From the Publisher
Praise from fellow writers:
“Her work felt revolutionary when I came to it, and it still does.” —Jhumpa Lahiri
“She is one of the handful of writers, some living, most dead, whom I have in mind when I say that fiction is my religion.” —Jonthan Franzen
“The authority she brings to the page is just lovely.” —Elizabeth Strout
“She’s the most savage writer I’ve ever read, also the most tender, the most honest, the most perceptive.” —Jeffery Eugenides
“Alice Munro can move characters through time in a way that no other writer can.”—Julian Barnes
“She is a short-story writer who…reimagined what a story can do.” —Loorie Moore
“There’s probably no one alive who’s better at the craft of the short story.” —Jim Shepard
“A true master of the form.” —Salman Rushdie
“A wonderful writer.” —Joyce Carol Oates
Publishers Weekly - Publisher's Weekly
Munro's ( The Progress of Love ) unfailing sense of the timeless propels the stories in her seventh book to the point of quiet revelation. Writing often of Canadians in the provinces who look back on years past from the vantage point of middle or old age, she tells of an elderly man attempting a discreet exit from his life; a widow who seeks a better understanding of her late husband in his former Scottish stomping grounds; and a daughter who relates and then recasts a classic tale of female self-denial handed down as an uncomfortable inheritance by her mother. The last, the volume's title story, is an especially insightful work, suggesting both the opposition and communion between art and experience--between a daughter who will write as she likes and a mother whose steely mask forbids her to. It is difficult to do justice to Munro's magical way with characterization or to her unerring control of her own resources: she writes about the forging and dismantling of friendships, marriages, families and solitudes with a trenchant knowledge of life and fiction as conspiring forces of creation. BOMC and QPB alternates. (Mar.)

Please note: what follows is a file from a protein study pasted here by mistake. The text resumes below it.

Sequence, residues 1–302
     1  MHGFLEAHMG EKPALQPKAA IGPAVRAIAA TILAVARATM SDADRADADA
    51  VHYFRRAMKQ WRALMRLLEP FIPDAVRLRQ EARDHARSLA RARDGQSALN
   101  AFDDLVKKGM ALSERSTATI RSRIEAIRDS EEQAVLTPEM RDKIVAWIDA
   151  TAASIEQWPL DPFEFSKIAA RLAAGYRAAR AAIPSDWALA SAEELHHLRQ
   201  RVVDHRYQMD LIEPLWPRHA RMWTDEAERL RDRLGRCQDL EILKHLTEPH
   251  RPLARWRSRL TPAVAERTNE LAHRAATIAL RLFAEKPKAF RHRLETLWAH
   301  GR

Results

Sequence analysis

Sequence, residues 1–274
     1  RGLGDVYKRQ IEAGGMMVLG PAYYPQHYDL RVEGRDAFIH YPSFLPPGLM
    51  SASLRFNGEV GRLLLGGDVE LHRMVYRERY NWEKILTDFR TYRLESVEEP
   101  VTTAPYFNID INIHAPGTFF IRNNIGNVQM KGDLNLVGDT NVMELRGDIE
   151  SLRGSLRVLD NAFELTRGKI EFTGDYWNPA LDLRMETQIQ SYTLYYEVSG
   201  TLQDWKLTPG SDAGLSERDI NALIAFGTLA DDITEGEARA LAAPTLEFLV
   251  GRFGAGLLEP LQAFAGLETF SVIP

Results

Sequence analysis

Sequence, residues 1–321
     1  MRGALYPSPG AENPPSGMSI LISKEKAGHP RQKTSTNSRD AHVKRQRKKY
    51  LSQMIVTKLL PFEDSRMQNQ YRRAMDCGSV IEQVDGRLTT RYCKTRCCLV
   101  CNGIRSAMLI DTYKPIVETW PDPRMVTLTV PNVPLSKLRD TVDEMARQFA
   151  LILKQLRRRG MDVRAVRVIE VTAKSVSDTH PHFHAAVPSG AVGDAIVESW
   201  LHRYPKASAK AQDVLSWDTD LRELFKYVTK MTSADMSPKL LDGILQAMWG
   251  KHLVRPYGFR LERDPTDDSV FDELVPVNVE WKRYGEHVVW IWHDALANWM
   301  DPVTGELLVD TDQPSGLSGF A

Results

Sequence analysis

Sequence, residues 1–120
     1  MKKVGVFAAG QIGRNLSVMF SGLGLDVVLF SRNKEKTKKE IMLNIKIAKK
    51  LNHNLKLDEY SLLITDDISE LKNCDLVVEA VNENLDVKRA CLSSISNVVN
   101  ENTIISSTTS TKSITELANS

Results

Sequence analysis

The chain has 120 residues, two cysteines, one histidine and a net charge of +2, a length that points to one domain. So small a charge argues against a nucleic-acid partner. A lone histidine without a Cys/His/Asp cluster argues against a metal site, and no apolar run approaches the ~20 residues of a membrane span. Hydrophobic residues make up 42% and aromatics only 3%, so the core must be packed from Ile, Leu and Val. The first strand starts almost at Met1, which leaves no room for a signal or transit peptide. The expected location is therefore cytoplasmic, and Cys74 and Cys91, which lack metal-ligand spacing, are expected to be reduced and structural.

Munro is an established author, one of the few who have mastered the art of short story writing. This fine collection contains ten stories that are all good to read. Most--but not all--are about the inhabitants of small Canadian towns. The primary characters, mainly women, have diverse relationships with their families and other unusual acquaintances. The plots are sometimes funny, sometimes tragic, but always within the realm of realism. Very seldom does anything occur that seems too ridiculous to actually have happened to somebody one knows. Most readers will find these stories entertaining and often thought-provoking. Recommended for libraries already owning Munro's previous works and also for those that may have missed her in the past. Previewed in Prepub Alert, LJ 11/15/89.-- Mary Prokop, CEL Regional Lib., Savannah, Ga.
One of the most eloquent and gifted writers of contemporary fiction...A wonderful collection of stories, beautifully written and deeply felt.
-- The New York Times